Daily: 29th September 2011

29 September, 2011 at 00:00 (GMT+01:00)

By Colin McBain

Hello all and welcome to Thursday.  We've had time by now to look back and reflect on what was a reasonably good Grand Prix.  For the leader it was a pretty boring, formulaic race but for those further down the field things got a little more interesting.  I've decided not to do a Memorable Moments post this time around, primarily because the Singapore GP has only been around four years and apart from the Nelson Piquet Jr thing and the Felipe Massa fuel-rig thing in '08, there's really been nothing specifically memorable about this track.  There was of course the Hamilton vs. Massa thing this year, then again, the main reason why that's memorable is because it only happened four days ago.  All this is unfortunate, because it means I'll need to work extra hard to make this Daily a little more interesting.  Still, needs must, and my efforts are exemplified here.  Back in August I did a YouTube-inspired motor racing biography of English racing driver James Hunt.  This time I've chosen another English racing driver-turned-pundit-turned-commentator-turned-father-of-a-racing-driver, Martin Brundle.  So here we go:

  • Martin Brundle first came to public prominence in the British F3 Championships in 1983, his second season in the tier, where he was involved in a tense, season-long battle with some Brazilian guy by the name of Ayrton Senna.  They raced hard against each other, and in some cases, a little too hard.  Fortunately, he had a lucky escape and would go on to finish second in the end-of-season standings behind Senna, with the championship going right to the final laps of the final race.
  • Martin got his first taste of Formula 1 the following year where he drove for Tyrrell.  It was an up-and-down year, ups consisting of scoring points in his very first race in Brazil and a podium at Detroit, downs consisting of a qualifying crash at Monaco - here he is, talking about it - and worst of all, having all his results annulled when the team was disqualified from the 1984 season due to a technical infringement.
  • Martin Brundle also forayed into Sports Cars during the 80s, such as debuting the Jaguar XJR-6 no. 51 at Mosport Park, Canada.  Sadly, it was the same day Manfred Winkelhock lost his life as a result of a bad accident after exiting the pits on cold tyres.  In 1988 he won the World Sports Car Championship for Jaguar alongside teammates Eddie Cheever, Andy Wallace, Johnny Dumfries, Jan Lammers and John Nielsen.  He also won the Daytona 24 Hours the same year alongside teammates Raul Boesel, John Nielsen and Jan Lammers.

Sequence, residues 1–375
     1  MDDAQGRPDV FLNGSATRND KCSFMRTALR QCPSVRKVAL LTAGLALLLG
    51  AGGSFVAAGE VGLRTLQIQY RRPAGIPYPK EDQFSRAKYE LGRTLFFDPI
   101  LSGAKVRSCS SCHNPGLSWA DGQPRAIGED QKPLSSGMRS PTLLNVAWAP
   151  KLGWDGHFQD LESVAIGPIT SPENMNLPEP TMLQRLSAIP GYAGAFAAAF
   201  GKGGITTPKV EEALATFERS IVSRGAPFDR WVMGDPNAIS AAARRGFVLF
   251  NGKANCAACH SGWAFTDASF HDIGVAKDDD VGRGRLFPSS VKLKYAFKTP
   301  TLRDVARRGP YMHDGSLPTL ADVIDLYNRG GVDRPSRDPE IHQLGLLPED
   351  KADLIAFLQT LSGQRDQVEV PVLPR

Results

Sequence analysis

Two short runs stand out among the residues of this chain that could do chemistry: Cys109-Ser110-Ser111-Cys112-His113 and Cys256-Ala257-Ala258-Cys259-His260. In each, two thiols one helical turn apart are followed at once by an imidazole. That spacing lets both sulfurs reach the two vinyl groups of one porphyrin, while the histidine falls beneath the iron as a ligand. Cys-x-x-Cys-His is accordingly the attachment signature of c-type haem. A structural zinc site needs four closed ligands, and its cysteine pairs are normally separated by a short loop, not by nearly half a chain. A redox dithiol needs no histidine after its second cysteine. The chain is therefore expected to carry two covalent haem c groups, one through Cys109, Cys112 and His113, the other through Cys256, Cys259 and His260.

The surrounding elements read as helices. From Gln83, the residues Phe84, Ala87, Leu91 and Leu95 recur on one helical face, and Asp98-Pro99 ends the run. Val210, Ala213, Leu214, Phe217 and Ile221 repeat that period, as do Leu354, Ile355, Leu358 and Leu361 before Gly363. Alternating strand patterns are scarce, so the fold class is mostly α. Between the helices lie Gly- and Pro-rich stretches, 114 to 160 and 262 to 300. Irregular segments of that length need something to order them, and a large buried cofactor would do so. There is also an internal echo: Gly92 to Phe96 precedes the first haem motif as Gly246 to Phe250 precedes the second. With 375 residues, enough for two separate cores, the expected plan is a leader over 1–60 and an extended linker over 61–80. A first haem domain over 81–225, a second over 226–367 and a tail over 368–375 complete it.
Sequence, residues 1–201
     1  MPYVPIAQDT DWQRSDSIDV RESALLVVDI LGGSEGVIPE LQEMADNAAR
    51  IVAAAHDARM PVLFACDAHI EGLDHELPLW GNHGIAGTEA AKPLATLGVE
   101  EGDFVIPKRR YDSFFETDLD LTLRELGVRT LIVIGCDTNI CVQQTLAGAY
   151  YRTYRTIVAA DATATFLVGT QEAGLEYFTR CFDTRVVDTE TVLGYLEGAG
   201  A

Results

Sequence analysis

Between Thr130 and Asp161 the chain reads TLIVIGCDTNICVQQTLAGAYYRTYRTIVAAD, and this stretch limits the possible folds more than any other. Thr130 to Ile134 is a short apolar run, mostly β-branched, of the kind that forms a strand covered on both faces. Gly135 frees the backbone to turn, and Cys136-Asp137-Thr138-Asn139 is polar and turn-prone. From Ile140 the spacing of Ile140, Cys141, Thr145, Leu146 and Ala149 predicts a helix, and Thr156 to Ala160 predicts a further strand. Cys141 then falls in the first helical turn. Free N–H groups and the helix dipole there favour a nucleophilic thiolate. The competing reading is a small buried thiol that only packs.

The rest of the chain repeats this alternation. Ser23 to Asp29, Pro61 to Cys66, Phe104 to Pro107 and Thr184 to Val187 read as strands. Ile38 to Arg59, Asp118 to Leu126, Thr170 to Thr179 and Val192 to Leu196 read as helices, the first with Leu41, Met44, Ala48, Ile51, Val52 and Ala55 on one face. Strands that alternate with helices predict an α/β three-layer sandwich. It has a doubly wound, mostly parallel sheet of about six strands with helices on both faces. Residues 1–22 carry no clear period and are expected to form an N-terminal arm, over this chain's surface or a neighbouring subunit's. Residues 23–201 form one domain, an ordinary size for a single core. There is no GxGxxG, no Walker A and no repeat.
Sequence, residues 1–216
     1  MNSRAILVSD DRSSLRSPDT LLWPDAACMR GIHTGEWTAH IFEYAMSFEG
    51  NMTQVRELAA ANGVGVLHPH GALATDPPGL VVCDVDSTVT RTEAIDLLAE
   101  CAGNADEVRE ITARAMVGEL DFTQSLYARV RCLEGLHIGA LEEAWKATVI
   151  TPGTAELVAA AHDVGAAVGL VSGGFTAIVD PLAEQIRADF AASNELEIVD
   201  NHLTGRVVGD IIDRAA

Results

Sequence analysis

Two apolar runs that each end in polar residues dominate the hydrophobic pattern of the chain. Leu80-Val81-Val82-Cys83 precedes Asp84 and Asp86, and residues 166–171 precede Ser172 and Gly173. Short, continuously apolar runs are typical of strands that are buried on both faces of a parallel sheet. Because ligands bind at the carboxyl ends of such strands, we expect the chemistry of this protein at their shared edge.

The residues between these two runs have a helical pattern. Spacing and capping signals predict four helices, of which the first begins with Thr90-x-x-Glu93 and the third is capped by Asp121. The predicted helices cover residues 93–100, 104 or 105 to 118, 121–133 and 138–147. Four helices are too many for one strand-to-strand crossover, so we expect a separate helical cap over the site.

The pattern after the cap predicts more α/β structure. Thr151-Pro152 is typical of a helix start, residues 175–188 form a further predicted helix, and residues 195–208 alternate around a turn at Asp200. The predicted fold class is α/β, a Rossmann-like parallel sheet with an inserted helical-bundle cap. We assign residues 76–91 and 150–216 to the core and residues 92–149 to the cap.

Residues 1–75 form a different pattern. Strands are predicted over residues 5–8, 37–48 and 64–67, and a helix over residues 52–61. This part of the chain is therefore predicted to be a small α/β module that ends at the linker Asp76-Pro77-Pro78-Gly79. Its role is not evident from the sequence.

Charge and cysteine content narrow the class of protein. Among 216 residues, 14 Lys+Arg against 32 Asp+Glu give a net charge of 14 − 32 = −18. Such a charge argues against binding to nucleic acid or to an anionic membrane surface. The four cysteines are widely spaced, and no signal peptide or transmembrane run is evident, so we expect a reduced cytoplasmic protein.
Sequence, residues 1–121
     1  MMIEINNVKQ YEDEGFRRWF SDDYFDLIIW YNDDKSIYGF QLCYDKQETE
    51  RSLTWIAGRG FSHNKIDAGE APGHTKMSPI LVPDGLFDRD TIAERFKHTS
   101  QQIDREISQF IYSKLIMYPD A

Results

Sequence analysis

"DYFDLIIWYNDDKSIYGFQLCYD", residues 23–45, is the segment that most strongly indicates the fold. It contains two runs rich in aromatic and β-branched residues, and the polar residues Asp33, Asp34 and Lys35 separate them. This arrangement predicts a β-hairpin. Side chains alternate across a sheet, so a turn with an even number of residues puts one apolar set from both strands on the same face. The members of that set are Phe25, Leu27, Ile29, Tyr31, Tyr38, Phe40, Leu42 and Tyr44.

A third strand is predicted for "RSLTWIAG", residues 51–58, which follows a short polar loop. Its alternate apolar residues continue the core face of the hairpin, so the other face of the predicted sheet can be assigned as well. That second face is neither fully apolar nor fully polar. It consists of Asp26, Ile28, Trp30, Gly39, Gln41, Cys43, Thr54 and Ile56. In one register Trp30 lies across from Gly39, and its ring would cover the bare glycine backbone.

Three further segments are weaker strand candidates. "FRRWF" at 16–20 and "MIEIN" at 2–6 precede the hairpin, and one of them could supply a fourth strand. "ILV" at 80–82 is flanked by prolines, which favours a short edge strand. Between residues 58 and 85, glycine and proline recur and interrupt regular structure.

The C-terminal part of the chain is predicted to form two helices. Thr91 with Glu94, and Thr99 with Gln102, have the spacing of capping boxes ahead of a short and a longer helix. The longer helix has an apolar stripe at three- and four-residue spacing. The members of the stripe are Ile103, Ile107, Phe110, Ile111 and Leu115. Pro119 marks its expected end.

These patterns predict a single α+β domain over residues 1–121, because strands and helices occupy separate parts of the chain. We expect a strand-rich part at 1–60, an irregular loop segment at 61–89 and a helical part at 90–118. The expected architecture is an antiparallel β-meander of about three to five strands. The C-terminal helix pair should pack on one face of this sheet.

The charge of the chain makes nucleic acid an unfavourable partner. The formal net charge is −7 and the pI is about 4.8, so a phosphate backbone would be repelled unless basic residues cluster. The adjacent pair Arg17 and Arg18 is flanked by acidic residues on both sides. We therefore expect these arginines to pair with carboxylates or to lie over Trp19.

• In 1989 he returned to F1 and drove for the Brabham team.  The car wasn't terribly competitive, however, but his finest hour was the Monaco GP that year.  He qualified 4th and ran as high as 3rd whilst lapping faster than the race leaders until a mechanical problem forced him in the pits.  He rejoined in 10th and fought his way up to finish 6th, one of the hardest-fought 1-point in F1.
  • Brundle continued his success in Sports Cars when he won the Le Mans 24 Hours in 1990, again in a Jaguar, alongside teammates John Nielsen and Price Cobb.
  • Predominantly due to his success in Sports Cars, Martin took part in the International Race of Champions in America [not to be confused with the Race of Champions held in Europe every winter] in 1990.  He enjoyed reasonable success in the 3-race series, winning the second race in Michigan, gaining pole at the third race in Cleveland and ultimately finishing 3rd in the overall standings.
  • As the interviewer in the last clip suggested, Martin Brundle returned to Formula 1 in 1991, again racing for the Brabham team, but his best finish that year was a 5th place in Japan.  The following year he moved to Benetton, where he became teammate to some German guy named Michael Schumacher.  1992 was a good year, regularly running Schumacher hard and achieving his career-best finish in Monza, finishing 2nd.
  • 1993-1995 were less consistent, driving uncompetitive cars and using unreliable engines, but he also had some lucky escapes, like this one at Brazil in '94 whilst driving for McLaren.  It wasn't the first time Brundle's head has been in the way of part of another car but he incredibly walked away from this incident unscathed.
  • His last year in F1 was also challenging, driving for the Jordan team.  The season did not start well, thanks to a first lap accident at the Australian GP - another lucky escape.  His form improved, however, as the season progressed with regular points finishes.  He scored points in his very last race in Japan, finishing 5th.
  • 1997 was a year of transition for Martin Brundle.  He accepted a new role as co-commentator alongside his teammate Murray Walker, a role he carries out to this day.  Even behind the microphone he's provided us with memorable moments.  During the grid-walk at Valencia in 2009 he demonstrates the barging and wrangling reminiscent of a Schumacher or a Senna whilst trying to interview Sebastian Vettel.  He's even injected some Murray Walker-esq excitement into his commentating style, like when Jenson Button drove into the wrong pit-box in China this year.  His last comment a fitting link that brings us right to the beginning of his F1 career.

Overall, Martin Brundle is officially the most experienced F1 driver without winning a Grand Prix, gaining a pole position or setting the fastest lap of a race.  He was unfortunate in that he was rarely in a car that was capable of winning races and when he was, i.e. 1992 when he drove for Benetton, it was the same year as Nigel Mansell and the Williams team was totally unbeatable.  On the other hand, winning Le Mans and Daytona are not to be sniffed at.  Perhaps his son, Alex Brundle, is destined for big things in the big sport and can ultimately emulate his father.  Only time will tell.

cmcb

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